My opinion has no more merit than any of those listed above (except Bannon, as he is speaking the party line), but for what it is worth, I believe National Security Advisor H.R. McMaster may have convinced Trump, either with logic (who am I kidding???) or with threat of resignation.  Before McMaster was selected to replace Flynn, Retired Vice Admiral Robert Harward was selected, but turned down the position because it was made clear that he would lack any degree of autonomy, and not even be allowed to select his own staff.  Perhaps McMaster has taken a tough stand on this issue, and it is certainly understandable why he would not want Bannon, who has nothing to contribute, taking up space on the committee while the important people take a backseat.

McMaster is one of the very few people in this administration who is both qualified for the position and seems to be of good character.  Even a majority of Democratic senators voted to confirm him last month in a vote of 86-10.  I was first impressed by McMaster in February when he pushed back against Trump’s insistence on using the term “radical Islamic terrorism”, saying it is not helpful to the U.S. in working with allies to defeat global terrorism.  It said that he has the courage to stand by his convictions and to stand up to Trump.

We may never know exactly what drove the strange scenario as to why Bannon was given a place on the Principals Committee, then removed less than three months later, but I cannot help wondering if this may signal a cooling of the relationship between Trump and Bannon.  If so, that can only be seen, I think, as a good thing.  Bannon is a loose cannon, a self-professed Leninist who has said he wants to “bring everything crashing down, and destroy all of today’s establishment.” 

cautionOne word of caution … let us not get so distracted pondering the causes and effects of Bannon’s removal from the NSC that we take our eye off the ball … the main issue … the Russian connections between Team Trump and Team Putin.


Trump’s Travel Ban … Still A Bad Idea

Yesterday, Trump signed yet another of his now-infamous ‘executive orders’ calling for a travel ban from, this time only six of the original seven Middle-Eastern nations.  The ban has been cleaned up in hopes of passing the legal smell-test, but is otherwise not much different.  The main difference is that it will not take effect until March 16th, giving time for training of CBP agents and clarification where needed.  But is there any value in such a ban?  I would argue a few factual reasons to say there is not.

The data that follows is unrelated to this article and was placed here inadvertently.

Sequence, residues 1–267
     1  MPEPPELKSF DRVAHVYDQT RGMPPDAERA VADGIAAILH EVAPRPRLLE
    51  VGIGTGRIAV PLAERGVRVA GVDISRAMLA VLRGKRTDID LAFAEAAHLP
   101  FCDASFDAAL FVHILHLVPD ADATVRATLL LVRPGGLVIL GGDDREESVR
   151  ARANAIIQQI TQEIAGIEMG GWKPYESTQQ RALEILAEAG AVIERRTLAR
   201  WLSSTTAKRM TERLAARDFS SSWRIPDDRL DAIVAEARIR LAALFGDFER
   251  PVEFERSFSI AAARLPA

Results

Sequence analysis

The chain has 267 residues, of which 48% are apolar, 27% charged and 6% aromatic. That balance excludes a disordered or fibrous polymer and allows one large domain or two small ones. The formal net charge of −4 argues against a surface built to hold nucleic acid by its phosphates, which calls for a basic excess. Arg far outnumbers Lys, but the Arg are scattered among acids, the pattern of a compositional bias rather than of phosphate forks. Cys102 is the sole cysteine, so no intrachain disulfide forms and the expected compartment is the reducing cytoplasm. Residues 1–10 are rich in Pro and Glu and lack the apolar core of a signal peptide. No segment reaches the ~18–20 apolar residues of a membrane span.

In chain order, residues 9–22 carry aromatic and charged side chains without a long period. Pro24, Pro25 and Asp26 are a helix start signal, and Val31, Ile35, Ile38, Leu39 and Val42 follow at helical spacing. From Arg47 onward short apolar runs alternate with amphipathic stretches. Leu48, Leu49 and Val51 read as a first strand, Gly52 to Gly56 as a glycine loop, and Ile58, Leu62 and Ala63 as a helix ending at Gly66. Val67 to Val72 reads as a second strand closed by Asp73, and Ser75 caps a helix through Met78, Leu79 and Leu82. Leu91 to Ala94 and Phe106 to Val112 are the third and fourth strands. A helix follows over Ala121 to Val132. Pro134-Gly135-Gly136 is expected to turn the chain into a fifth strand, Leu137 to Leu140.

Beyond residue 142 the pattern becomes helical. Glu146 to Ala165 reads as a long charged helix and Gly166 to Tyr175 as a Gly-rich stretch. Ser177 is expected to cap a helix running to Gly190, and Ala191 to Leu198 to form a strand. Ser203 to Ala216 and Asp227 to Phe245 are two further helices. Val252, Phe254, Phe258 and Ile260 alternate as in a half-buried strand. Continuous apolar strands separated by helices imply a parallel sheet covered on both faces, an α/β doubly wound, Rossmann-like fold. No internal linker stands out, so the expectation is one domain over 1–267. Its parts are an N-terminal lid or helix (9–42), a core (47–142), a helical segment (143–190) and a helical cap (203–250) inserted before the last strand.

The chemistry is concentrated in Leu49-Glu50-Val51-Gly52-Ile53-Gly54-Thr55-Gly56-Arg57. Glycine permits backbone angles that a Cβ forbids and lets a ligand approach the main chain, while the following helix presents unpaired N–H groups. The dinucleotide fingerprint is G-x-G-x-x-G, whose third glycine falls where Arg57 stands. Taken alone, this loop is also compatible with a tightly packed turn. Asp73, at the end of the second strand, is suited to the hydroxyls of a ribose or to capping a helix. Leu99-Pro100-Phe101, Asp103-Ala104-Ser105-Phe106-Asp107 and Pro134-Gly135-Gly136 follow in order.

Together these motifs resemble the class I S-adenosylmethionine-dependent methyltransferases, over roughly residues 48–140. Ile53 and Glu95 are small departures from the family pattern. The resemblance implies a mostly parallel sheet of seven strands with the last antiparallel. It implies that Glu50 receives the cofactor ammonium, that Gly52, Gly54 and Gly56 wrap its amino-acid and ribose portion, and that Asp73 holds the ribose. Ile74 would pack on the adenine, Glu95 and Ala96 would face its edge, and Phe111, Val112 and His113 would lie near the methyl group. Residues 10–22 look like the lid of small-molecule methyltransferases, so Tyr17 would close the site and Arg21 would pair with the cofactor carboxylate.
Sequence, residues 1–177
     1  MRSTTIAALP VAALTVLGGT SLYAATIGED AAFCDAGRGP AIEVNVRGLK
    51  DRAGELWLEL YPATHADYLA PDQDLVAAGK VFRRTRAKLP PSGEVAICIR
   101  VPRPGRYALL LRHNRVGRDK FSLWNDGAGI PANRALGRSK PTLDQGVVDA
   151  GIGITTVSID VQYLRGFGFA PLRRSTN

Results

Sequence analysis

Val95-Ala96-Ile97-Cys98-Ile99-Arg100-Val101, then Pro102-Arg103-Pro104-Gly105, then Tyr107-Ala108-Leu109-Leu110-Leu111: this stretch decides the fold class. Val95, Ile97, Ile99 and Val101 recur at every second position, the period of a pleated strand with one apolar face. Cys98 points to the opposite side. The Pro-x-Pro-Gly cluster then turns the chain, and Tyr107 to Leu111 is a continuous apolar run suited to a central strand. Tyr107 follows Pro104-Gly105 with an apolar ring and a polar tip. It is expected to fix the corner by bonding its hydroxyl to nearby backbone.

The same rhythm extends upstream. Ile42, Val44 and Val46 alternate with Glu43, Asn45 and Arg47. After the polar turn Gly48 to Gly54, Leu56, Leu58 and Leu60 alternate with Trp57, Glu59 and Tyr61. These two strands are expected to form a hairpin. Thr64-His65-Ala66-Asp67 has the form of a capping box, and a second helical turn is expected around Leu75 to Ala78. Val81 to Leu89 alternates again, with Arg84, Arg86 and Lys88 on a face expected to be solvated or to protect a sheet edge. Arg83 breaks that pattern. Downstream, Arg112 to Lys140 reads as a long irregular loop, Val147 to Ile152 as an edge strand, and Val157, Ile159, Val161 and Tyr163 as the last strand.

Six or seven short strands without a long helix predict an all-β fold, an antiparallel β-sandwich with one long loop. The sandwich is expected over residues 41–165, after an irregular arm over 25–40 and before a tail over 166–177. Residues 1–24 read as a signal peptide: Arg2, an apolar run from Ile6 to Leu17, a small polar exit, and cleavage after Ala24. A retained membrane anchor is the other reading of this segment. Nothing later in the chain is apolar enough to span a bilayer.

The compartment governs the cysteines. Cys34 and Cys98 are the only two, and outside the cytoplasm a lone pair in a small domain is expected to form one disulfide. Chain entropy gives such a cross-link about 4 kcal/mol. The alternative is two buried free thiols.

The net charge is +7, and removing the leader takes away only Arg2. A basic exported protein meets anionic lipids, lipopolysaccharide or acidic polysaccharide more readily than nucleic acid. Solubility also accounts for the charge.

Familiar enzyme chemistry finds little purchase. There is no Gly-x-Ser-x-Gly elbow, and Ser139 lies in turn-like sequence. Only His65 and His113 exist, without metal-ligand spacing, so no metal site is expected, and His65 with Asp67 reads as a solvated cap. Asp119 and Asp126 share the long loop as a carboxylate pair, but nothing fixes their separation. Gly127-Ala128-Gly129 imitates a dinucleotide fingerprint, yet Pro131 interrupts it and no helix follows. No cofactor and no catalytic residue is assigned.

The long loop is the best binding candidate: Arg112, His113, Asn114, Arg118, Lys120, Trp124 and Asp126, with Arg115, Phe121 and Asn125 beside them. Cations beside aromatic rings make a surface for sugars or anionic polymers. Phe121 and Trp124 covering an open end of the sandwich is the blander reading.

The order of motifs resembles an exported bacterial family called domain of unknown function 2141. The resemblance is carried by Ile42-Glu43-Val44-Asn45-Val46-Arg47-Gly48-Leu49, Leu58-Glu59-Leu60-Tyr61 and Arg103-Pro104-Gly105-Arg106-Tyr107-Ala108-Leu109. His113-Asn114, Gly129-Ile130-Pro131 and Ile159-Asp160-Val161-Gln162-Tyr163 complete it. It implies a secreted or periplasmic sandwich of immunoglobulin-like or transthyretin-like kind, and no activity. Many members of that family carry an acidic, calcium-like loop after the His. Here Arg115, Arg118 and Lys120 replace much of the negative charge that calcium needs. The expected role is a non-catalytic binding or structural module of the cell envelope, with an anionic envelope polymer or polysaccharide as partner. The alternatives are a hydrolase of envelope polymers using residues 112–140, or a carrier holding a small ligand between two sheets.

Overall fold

Through the years, there have been numerous attempts to define “terrorism”.  One terrorism class I took 2 years ago spent nearly an entire week on the definition alone! I won’t bore you with the history, but eventually the global community settled on a definition by Alex P. Schmid, a Research Fellow at the International Centre for Counter Terrorism (ICCT) in the Hague, and Director of the Terrorism Research Initiative (TRI).  Mr. Schmid’s definition is lengthy, but can be found here if you are interested.

The Federal Bureau of Investigation (FBI) defines terrorism as “the unlawful use of force or violence against persons or property to intimidate or coerce a government, the civilian population, or any segment thereof, in furtherance of political or social objectives.” Although not quite as comprehensive as Dr. Schmid’s definition, for the purposes of this post, it will do.

Note that in the FBI definition, it does not mention that in order to qualify as terrorism, the act must be perpetrated by a Muslim, nor by a member of Daesh, nor by a person of Middle-Eastern descent.  It is a fairly broad definition, and covers nearly any violent crime … or could be said to.

Donald Trump continues to claim that in order to “keep America safe”, in order to combat terrorism within the borders of the U.S., we must ban most, if not all, immigrants from Middle-Eastern, predominantly Muslim nations.  But if that is true, why are most violent crimes that would fit well into the FBI definition not labeled terrorism?  And … is terrorism from the Middle-East really a threat to the U.S.?  Let us look at a few factual examples.